Drama


Phantom Thread


MPAA Rating:
R
Genre:
Drama
Runtime:
130 mins
Stars:
Daniel Day-Lewis, Vicky Krieps, Lesley Manville
Director:
Paul Thomas Anderson
Producer:
Paul Thomas Anderson, Megan Ellison, Daniel Lupi, JoAnne Sellar)

Content at a Glance

2
Sex

Sex

Approved: 0-2 in any category

 

0:
none
1:
on-screen acts of romance
2:
infidelity; implied pre-marital sex or secondary lead characters with consequences
3:
inappropriate sexual relations without consequences
4-5:
graphic sexual activity is heard and/or seen
×
4
Language

Sex

Approved: 0-2 in any category

 

0:
none
1:
on-screen acts of romance
2:
infidelity; implied pre-marital sex or secondary lead characters with consequences
3:
inappropriate sexual relations without consequences
4-5:
graphic sexual activity is heard and/or seen
×
2
Violence

Violence

Approved: 0-2 in any category

 

0:
none
1:
on-screen acts of romance
2:
infidelity; implied pre-marital sex or secondary lead characters with consequences inappropriate sexual relations without consequences
4-5:
graphic sexual activity is heard and/or seen
×
2
Drugs

Drugs

Approved: 0-2 in any category

 

0:
none
1:
occasional drinking by secondary characters (i.e., man in bar)
2:
historically accurate use of alcohol and tobacco products
3:
continuous drinking and drug use common throughout
4-5:
drug/alcohol used many times by main character(s) shown in a positive light
×
2
Nudity

Nudity

Approved: 0-2 in any category

 

0:
none
1:
baby’s behind; shirtless men, low cut shirts, short skirts seen occasionally on women
2:
rear nudity that is not suggestive such as skinny dipping from a distance; cleavage
3:
sexually suggestive and revealing clothing or underwear is common throughout
4-5:
frontal nudity
×
0

Other

Approved: 0-2 in any category

 

Lead characters that exhibit disrespect for authority, lying, cheating, stealing, illegal activity, witchcraft or sorcery

0:
none
1:
mild-moderate with consequences
2:
moderate poor behavior
3:
moderate-heavy behavior with no consequences
4-5:
extreme portrayals, condoned or excused
×

Sex


implied sex between a couple (nothing seen); kissing

Language


multiple uses of "f***" and "h***"

Violence


no onscreen violence, but building tension to suggest an attempted murder; character is violently ill in some scenes

Drugs


several scenes in which cocktails and/or wine are served to and consumed by main characters

Nudity


some garments may prove somewhat revealing, involving cleavage and bare skin

Other


No Information


Trailer



Synopsis

Set in 1950s London, Reynolds Woodcock is a renowned dressmaker whose fastidious life is disrupted by a young, strong-willed woman, Alma, who becomes his muse and lover.


Movie Message

Paul Thomas Anderson, by now, is a cabinet of curiosities as a filmmaker. While certainly a prolific auteur in the rites of Robert Altman and his ensemble pieces, he can, chameleon-like, transform into a hypnotic and singular voice in character studies and plot-driven attempts. In his latest, Phantom Thread, he channels the likes of some of Hitchcock’s best: not the hysterics and violence of Psycho, or the looming peril of The Birds, or even the voyeuristic paranoia of Vertigo. The melodrama and building gloom of Rebecca and other slow-burning masterpieces haunt the frames of Anderson’s new film, and it is enlightening to behold, all 130 minutes.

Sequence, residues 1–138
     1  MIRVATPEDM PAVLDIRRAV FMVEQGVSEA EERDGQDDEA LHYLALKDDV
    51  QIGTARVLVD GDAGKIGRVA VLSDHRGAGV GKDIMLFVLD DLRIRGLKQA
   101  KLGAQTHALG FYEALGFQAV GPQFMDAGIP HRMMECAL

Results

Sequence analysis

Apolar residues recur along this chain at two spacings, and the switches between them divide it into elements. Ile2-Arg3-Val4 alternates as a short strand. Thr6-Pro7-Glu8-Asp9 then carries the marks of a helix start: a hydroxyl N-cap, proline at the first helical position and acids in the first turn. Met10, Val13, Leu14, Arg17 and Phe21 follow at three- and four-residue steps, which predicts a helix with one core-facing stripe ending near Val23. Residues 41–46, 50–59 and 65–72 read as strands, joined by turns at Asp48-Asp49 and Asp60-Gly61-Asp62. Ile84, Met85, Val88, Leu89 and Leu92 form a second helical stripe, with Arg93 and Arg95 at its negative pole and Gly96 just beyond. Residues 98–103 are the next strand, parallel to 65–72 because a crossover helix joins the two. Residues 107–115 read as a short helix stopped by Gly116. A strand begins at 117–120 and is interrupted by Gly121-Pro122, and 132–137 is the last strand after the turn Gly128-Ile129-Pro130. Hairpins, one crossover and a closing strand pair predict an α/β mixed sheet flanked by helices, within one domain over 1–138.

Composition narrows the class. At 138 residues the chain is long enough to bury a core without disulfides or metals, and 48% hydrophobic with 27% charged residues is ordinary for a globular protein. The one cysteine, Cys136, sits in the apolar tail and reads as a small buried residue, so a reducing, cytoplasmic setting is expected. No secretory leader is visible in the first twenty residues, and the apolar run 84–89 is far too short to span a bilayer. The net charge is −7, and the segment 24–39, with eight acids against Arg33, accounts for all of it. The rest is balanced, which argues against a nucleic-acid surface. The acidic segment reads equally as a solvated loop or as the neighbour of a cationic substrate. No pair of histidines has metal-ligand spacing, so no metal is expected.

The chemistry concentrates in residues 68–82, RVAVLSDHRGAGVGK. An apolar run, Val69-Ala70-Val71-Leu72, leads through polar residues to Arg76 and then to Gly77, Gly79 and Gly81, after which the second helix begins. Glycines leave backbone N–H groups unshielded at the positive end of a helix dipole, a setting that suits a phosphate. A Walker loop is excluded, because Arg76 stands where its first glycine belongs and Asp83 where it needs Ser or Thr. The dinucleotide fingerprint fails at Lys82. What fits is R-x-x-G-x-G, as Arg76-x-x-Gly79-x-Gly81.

The simplicity of the film is deceiving. Reynolds Woodcock (Daniel Day-Lewis), one of London’s most sought-out dressmakers, meets Alma (Vicky Krieps), and seduction goes both ways. While he can’t seem to live without her in his meticulous and most particular ways, she also carries the weight of knowing that her being carries Reynolds’ success along. Thus begins a cycle of parlor games between the two, where trust is cold war of tete-a-tete and, simply, getting to know and believe what the other person is truly about.

Deep down, the film is a chess match of sexual politics, which questions and makes one think of the exact underlying meaning of marriage. Slyly, Anderson makes the case that it is both a discomforting prospect yet somehow worthwhile, all in ways you have to see to believe. Day-Lewis, in his supposed and sorrowful final screen performance, is nothing short of perfect as a man who has spent his life in the finest garments, only to find them gradually unraveling. Likewise, newcomer Krieps has, arguably, the more tricky task of matching and exceeding the great thespian that is Day-Lewis, and watching her character of Alma blossom is nothing short of astounding.

I would be remiss not to mention the craft of the film, particularly in the integral costume design, the exacting and detailed eye of the photography (by Anderson’s own hand, mind you), and Jonny Greenwood's mesmerizing score. They go beyond being “well done”; they make the movie breathe.

Due to some coarse language and hints at violent acts, the film is not Dove-Approved but undoubtedly is a fascinating study for those willing to dive into some of these more profound questions. Hypnotic, just as Anderson is, Phantom Thread casts a spell, one that is at once prickly and strangely affirming.

© The Dove Foundation – All Rights Reserved.




Movie Monitor

Movie Reviews for Parents